During relationship counseling online, we often find that people jump into a new relationship too quickly after a breakup or divorce. This move can have detrimental consequences for yourself and your children (if you have any). The time after a breakup is for healing, self-reflection, and self-discovery. If you don’t take this time, the next relationship will likely be riddled with feelings and issues dragged in from the past.
Vent in a Healthy Way
In most breakup situations, there can be intense feelings of anger. And, sometimes these feelings are accompanied by things that happen in the aftermath of the breakup or divorce rather than because of the breakup or divorce itself. In the olden days, people received advice such as “be the better person”, “don’t give them the satisfaction of a reaction”, and so forth.
But denying that these feelings are there or not allowing these feelings to be expressed, can have terrible consequences for yourself and those around you. Suppressed feelings can lead to sudden explosions or overreactions, increased anxiety, and more. However, expressing these feelings needs to occur healthily and in a safe space.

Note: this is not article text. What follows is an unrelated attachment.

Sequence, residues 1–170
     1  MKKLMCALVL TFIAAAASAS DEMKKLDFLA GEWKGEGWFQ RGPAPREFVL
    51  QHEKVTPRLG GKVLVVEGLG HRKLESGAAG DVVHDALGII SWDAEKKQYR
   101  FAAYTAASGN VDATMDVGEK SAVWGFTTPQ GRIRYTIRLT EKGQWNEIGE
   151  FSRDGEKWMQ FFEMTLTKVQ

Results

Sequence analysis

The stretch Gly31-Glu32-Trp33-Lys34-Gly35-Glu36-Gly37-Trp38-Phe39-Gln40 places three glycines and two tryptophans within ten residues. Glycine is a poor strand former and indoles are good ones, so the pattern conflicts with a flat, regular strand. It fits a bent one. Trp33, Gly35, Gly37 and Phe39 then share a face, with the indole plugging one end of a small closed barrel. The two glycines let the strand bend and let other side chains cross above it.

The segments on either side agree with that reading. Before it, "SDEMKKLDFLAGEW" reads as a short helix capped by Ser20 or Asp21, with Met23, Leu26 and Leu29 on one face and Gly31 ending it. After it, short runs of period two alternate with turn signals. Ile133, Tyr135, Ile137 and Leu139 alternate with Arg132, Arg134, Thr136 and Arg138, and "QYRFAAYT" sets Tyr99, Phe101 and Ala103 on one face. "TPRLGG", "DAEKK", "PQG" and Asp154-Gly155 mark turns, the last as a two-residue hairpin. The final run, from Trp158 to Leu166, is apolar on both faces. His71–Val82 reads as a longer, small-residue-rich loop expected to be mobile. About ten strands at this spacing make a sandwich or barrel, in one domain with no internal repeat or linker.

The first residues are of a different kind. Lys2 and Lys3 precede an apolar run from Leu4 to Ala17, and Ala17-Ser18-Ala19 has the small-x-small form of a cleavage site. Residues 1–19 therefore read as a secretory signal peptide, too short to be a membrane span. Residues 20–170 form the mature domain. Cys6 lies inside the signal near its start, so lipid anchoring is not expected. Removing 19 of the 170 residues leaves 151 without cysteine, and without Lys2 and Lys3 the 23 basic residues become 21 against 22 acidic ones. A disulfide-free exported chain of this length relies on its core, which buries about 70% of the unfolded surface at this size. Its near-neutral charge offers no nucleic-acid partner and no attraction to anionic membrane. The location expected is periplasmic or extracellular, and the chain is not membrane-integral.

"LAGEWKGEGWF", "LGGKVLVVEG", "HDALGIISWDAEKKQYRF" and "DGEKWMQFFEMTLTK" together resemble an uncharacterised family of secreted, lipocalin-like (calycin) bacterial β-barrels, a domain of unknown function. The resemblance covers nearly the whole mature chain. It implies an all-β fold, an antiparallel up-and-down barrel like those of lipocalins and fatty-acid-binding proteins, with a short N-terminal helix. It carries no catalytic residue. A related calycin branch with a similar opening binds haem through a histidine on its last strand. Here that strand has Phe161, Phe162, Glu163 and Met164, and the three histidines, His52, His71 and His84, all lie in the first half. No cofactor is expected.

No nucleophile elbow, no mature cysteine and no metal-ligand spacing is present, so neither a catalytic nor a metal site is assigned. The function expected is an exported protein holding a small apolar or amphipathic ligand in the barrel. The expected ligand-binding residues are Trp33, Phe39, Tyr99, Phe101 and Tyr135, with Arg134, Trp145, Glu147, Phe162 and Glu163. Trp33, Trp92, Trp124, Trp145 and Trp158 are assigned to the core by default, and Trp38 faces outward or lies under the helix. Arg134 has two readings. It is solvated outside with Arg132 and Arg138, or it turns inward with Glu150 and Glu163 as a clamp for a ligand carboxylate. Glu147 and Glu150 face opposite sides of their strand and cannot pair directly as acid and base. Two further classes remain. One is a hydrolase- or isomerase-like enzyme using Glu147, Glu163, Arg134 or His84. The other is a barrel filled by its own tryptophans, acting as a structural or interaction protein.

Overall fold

That’s why we often recommend during relationship counseling online that journals are kept. This provides a place where you can say whatever you feel without any real-life consequences. Another popular way to vent angry feelings is by writing letters to the person you want to address.
In these letters, you can say everything that you would like to say to them. Don’t hold back; there’s no need to be polite or tone things down – let it all out. Then, afterwards, destroy the letter.
Receiving Relationship Counseling Online Can Help Restore
As you can see, relationship counseling online is not just about restoring a relationship. For many, it can be reparative during or after a breakup/divorce. We have plenty more helpful tips on how to get through the challenging time after a breakup (with or without children in the mix).
If you have more questions about how receiving relationship counseling online can aid you in your solo journey. Or you’re already in the thick of it and would like to receive relationship counseling online, please do not hesitate to contact us via our Personal Online Therapy Contact Us page, via an email to email@example.com, or have us reach out to you by completing the form below: